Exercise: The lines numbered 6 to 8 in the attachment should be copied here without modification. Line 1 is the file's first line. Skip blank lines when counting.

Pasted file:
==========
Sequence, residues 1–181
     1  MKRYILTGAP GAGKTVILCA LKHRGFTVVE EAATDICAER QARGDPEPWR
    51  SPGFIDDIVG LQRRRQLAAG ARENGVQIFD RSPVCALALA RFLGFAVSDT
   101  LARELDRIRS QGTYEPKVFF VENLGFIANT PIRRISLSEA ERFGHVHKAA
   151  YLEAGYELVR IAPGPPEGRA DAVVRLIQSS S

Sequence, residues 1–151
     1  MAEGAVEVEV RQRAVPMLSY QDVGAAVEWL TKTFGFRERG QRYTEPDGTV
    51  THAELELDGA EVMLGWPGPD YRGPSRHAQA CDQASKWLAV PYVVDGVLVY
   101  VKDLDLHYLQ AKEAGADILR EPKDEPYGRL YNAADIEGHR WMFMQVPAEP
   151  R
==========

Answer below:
Sequence, residues 1–151
     1  MAEGAVEVEV RQRAVPMLSY QDVGAAVEWL TKTFGFRERG QRYTEPDGTV
    51  THAELELDGA EVMLGWPGPD YRGPSRHAQA CDQASKWLAV PYVVDGVLVY